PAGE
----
Witches, Good, and Evil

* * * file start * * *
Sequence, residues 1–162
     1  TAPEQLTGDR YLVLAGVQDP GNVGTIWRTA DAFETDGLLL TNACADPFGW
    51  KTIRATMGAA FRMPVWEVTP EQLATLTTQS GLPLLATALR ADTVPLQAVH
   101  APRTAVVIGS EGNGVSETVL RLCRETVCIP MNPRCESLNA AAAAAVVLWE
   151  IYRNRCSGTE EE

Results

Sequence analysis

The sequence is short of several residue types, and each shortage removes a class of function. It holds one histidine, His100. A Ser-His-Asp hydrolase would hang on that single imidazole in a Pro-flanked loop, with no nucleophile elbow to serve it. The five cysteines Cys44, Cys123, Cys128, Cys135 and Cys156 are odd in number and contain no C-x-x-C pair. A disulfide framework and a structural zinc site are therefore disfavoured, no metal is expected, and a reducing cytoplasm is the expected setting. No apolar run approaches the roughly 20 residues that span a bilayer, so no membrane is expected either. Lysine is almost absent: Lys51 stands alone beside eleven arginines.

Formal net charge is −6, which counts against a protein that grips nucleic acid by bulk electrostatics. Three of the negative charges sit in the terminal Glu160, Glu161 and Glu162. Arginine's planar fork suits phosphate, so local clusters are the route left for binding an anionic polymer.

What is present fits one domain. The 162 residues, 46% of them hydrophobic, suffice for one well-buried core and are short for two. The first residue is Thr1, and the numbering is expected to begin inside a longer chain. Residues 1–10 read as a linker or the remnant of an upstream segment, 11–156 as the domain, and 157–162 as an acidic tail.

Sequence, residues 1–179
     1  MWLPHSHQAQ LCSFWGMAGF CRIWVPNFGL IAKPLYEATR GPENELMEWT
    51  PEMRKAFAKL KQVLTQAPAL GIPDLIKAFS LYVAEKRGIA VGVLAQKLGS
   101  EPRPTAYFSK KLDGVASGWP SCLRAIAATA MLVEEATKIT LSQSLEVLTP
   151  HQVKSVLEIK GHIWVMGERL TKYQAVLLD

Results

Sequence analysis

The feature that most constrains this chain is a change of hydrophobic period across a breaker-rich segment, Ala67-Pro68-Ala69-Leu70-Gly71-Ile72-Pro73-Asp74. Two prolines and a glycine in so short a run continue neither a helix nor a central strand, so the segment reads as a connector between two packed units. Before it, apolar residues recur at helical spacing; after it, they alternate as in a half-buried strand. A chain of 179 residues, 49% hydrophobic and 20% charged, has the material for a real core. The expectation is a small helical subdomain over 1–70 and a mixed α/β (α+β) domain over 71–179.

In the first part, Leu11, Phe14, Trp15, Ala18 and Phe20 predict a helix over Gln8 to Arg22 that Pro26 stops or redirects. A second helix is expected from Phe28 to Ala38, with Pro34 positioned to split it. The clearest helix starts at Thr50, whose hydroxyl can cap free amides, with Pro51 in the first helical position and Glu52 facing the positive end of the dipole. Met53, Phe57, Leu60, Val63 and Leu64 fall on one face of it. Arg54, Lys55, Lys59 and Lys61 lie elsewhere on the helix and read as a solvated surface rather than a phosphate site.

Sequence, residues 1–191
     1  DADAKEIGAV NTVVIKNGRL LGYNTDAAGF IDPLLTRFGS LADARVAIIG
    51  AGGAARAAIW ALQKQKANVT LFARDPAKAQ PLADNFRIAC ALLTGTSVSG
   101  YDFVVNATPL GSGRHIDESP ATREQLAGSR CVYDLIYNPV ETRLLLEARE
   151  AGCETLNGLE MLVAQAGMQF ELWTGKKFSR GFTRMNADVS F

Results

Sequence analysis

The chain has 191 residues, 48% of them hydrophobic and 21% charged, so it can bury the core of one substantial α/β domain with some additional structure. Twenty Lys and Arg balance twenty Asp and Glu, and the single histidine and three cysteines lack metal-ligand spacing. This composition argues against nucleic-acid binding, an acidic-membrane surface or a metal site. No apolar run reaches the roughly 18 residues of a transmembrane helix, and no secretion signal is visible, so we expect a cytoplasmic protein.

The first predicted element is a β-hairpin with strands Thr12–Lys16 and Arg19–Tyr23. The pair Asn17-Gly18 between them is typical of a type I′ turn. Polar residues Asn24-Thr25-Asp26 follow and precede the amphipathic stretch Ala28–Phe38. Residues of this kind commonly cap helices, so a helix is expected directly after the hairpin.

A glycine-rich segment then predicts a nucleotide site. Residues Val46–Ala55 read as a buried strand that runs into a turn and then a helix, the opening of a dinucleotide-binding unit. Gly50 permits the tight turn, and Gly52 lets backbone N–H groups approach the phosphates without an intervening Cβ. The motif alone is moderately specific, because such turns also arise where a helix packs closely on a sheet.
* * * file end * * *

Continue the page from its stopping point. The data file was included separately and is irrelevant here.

“Are people born wicked? Or do they have wickedness thrust upon them?” The worth-thinking question is one piece of lyrics of No One Mourns the Wicked in Wicked. It queries a universal value that a dichotomy between “good and evil” is always used by human being. In our collective consciousness, saturated as it’s by exposure to The Wonderful Wizard of Oz by L. Frank Baum and its adapted 1939 film, The Wizard of Oz, Glinda, the Good Witch of the North, and Elphaba, the Wicked Witch of the West, are polar opposites – one is "good" and another, "evil." But in Wicked, things aren't so simply white and black. In Medea by Euripides, the protagonist Medea is regarded as a clever woman because of assisting Jason, falling love with him, with obtaining the Golden Fleece and, afterwards, a barbaric witch slaying Jason’s new wife, Glauce, King of Corinth, Kreon, and even her innocent children; nevertheless, it results from partly what her beloved husband, Jason, betrays her in the marriage and love as well as some other significant reasons like the identity of a woman, foreigner, and so on. The inherent conception has been rooted in our minds since childhood. In The Wizard of Oz, Dorothy Gale says “Witches are all old and ugly” when Glinda, however, a young and pretty witch, asks her whether she is a good witch or bad witch. In other words, witches aren’t always old and ugly, sometimes but young and pretty. The same rule applies that people aren’t always good, sometimes but evil, and vice versa. Medea is a highly intelligent woman, but she lets her emotions govern her actions like Marianne in Sense and Sensibility. Her characteristics present the inmost sentiment of passion, love, and revenge, which leads to a series of tragedies after. When Jason arrives in Colchis in order to acquire the Golden Fleece, Medea is deeply obsessed by him and then betrays her father, Aeetes, who wants that Jason dies, to help him overcome arduous obstacles for the sake...
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